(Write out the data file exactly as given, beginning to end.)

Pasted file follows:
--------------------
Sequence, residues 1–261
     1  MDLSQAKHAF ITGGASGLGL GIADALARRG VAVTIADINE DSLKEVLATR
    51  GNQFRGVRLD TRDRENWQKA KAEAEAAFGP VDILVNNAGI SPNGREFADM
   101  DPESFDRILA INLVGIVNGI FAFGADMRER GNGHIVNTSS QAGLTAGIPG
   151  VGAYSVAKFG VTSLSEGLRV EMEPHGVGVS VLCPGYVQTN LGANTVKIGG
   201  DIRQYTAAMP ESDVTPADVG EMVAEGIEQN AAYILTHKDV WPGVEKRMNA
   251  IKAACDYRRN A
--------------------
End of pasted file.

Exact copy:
Sequence, residues 1–261
     1  MDLSQAKHAF ITGGASGLGL GIADALARRG VAVTIADINE DSLKEVLATR
    51  GNQFRGVRLD TRDRENWQKA KAEAEAAFGP VDILVNNAGI SPNGREFADM
   101  DPESFDRILA INLVGIVNGI FAFGADMRER GNGHIVNTSS QAGLTAGIPG
   151  VGAYSVAKFG VTSLSEGLRV EMEPHGVGVS VLCPGYVQTN LGANTVKIGG
   201  DIRQYTAAMP ESDVTPADVG EMVAEGIEQN AAYILTHKDV WPGVEKRMNA
   251  IKAACDYRRN A